Common causes of shooting pain
Nobody wants to live in pain, and fortunately these days we have effective treatments for most of the many different types of pain. But many of them carry a risk of serious addiction if you take them for too long. How do you know if you’re addicted, and what can you do?
We all have a picture in our minds of heroin addicts, usually sad homeless people who live only for their next 'fix'. But most people don't realise that painkillers we can buy from our chemists can cause addiction too.
Headache, backache, osteoarthritis, stomach ache - your body is very good at telling you when you're in pain, and it's your nervous system that's responsible. Your brain is connected to every bit of your body via a complex network of nerves: below the neck, all these messages travel through your spinal cord. 'Motor' nerves carry messages from your brain telling each muscle to move; while sensory nerves carry messages back from your skin, limbs and body organs, telling your brain about touch, heat and pain.
Most parts of our body have pain sensors at one end of these 'sensory nerves'. Without them, you wouldn't move your hand away (quickly!) from a burning flame, or seek help if you had tummy ache.
Numb the pain
The aim of most painkillers is to damp down the sensation your brain gets from these nerve signals, or to reduce inflammation. Complicated chemical pathways in your body result in chemicals being released if there's inflammation or damage in any one part of your body.
Pain signals from muscles and joints, as well as cancer pain, usually respond well to painkillers like stronger opioid painkillers such as codeine or tramadol, or to medicines which work on the nervous system, like pregabalin and gabapentin.
But some painkillers can be highly addictive. We all know about heroin addiction - in fact, diamorphine (the medical term for heroin) has been the standard treatment for the pain of heart attack for decades. And heroin is part of the opioid family.
The medical definition of an addictive medication is that you need more and more as time goes on to have the same effect, and you crave it if you don't have it. Withdrawal symptoms include sweating and dizziness, anxiety and breathlessness, but also severe pain.
Even more worrying, some painkillers may make your body more sensitive to pain. If you're taking painkillers and you get pain, your instinct is to take more painkillers, which can end up feeding the addiction.
It's thought as many as one in three people with chronic headaches are actually suffering from 'medication overuse headaches' (also called medication-induced headaches). Your body adjusts to the painkillers, and you get withdrawal symptoms when levels in your blood drop. This causes a 'rebound' headache, and the obvious response is to reach for more painkillers. It's a particular issue for those who have migraine, who seem to be more prone to medication-overuse headaches.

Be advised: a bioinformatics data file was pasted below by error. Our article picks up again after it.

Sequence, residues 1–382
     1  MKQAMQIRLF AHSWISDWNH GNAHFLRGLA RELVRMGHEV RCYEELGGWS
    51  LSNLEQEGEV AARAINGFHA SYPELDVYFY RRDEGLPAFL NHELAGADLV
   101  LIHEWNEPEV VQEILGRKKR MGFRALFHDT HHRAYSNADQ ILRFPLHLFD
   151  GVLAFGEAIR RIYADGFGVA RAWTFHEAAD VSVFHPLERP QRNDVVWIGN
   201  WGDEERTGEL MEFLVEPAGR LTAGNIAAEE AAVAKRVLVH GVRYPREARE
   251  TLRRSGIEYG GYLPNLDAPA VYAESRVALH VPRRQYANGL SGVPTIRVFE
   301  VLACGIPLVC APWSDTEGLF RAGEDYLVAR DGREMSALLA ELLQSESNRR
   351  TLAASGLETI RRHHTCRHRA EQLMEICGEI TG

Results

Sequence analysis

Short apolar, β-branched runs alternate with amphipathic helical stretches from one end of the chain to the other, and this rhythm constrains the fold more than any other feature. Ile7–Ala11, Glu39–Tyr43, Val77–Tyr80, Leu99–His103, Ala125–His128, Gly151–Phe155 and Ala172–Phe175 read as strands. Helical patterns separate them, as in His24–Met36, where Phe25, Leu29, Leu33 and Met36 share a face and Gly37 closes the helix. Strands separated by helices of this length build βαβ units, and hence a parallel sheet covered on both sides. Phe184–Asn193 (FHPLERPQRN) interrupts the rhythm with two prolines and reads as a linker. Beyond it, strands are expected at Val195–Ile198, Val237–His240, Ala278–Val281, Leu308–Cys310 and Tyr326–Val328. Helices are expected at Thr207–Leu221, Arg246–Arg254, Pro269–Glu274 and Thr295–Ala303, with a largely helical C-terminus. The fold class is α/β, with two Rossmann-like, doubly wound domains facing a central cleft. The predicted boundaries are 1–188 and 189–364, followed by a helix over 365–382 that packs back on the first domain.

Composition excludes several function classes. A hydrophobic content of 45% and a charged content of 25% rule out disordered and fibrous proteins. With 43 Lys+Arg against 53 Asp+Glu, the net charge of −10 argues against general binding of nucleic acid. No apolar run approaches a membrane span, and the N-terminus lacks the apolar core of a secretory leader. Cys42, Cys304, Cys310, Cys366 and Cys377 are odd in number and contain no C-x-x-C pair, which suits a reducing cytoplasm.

Even 'simple' painkillers like paracetamol, or anti-inflammatory tablets like ibuprofen or naproxen, can become addictive if you take them at least three times a week for three months at a time. However, codeine-containing tablets are much worse. They can cause these headaches if taken just twice a week for three months or more, and it takes much longer to get over the headaches and aching that come with stopping them.
Other painkiller risks
Anti-inflammatory medicines can cause severe stomach inflammation and damage your heart or kidneys if you take them for too long. So more and more people are being switched away from anti-inflammatories to opioids or nerve-damping tablets like gabapentin and pregabalin. At the same time, your risk of these conditions increases with age and obesity, and the UK population is living longer (and fatter) than ever.
So it's hardly surprising that the number of prescriptions issued in the UK for opioids has doubled in a decade, from 12 million to 24 million a year. And it's thought that up to 192,000 people could be addicted to them.
When to worry
Don't stop painkillers immediately if you're taking them for a long-term condition. But do ask yourself some serious questions if you're on regular doses of strong painkillers.
Firstly, have you been taking regular medication for over three months (it is possible to get addicted sooner but less likely)? If so, do you know exactly how many painkillers you take a day? Have you ever been tempted to take more than the prescribed dose? Do you find yourself running out of medicine before your prescription is due for renewal? Do you ‘borrow’ tablets from other people, including your partner, because you always seem to be running short? Do you pace the floor, waiting until you can take your next dose?
Dealing with pain isn't easy, and neither is helping painkiller addiction, but it is possible. If you've answered 'yes' to any of these questions, speak with your doctor. They will absolutely understand you're not a 'bad person' and will want to help. Your GP will be able to talk about services available. Options include pain management clinics, pain group work, physiotherapy specialist assessment and possibly counselling They may be able to offer a different short-term medicine to help you with withdrawal effects. Take along a family member for support if possible - you'll need their support along the way.
Thanks to My Weekly where this piece was originally published.